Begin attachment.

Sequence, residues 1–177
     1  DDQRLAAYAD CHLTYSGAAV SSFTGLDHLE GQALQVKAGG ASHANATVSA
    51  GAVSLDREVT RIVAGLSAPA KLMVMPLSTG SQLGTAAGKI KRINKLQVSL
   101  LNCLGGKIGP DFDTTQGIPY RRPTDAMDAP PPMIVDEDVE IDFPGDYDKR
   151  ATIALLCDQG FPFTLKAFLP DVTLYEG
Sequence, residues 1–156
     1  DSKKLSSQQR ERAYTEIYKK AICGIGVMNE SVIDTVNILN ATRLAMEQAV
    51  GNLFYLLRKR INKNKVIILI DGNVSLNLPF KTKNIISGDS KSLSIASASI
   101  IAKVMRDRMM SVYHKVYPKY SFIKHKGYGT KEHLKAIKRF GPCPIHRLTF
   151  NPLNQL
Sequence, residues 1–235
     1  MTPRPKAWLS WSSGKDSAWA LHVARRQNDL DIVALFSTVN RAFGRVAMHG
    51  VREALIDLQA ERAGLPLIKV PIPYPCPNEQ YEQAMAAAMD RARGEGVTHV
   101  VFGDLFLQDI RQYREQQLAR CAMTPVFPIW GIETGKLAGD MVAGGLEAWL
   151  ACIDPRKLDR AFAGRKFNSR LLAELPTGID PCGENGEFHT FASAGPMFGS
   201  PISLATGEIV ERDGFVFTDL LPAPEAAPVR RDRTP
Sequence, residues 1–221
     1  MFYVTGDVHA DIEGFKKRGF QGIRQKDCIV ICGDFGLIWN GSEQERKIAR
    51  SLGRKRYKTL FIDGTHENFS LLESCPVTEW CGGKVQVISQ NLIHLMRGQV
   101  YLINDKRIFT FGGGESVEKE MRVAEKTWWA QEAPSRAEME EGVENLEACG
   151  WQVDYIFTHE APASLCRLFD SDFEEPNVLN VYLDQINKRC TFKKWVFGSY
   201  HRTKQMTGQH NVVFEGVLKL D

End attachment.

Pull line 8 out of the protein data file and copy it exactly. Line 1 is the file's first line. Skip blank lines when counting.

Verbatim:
    51  GNLFYLLRKR INKNKVIILI DGNVSLNLPF KTKNIISGDS KSLSIASASI